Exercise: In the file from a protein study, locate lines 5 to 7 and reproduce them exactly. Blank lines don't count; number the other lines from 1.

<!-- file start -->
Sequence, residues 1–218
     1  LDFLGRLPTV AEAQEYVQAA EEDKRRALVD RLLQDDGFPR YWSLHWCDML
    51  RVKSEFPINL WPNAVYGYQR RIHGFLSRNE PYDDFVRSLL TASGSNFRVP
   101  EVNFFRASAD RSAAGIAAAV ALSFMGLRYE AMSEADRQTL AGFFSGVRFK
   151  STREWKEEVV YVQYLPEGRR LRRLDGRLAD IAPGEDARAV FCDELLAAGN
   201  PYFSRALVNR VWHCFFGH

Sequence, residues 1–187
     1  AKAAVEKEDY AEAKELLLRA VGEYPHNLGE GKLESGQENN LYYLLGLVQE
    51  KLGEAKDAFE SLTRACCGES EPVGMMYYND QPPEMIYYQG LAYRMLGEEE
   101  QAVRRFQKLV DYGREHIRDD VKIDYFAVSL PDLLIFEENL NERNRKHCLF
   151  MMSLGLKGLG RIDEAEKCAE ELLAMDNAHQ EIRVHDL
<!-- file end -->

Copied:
   151  STREWKEEVV YVQYLPEGRR LRRLDGRLAD IAPGEDARAV FCDELLAAGN
   201  PYFSRALVNR VWHCFFGH

Sequence, residues 1–187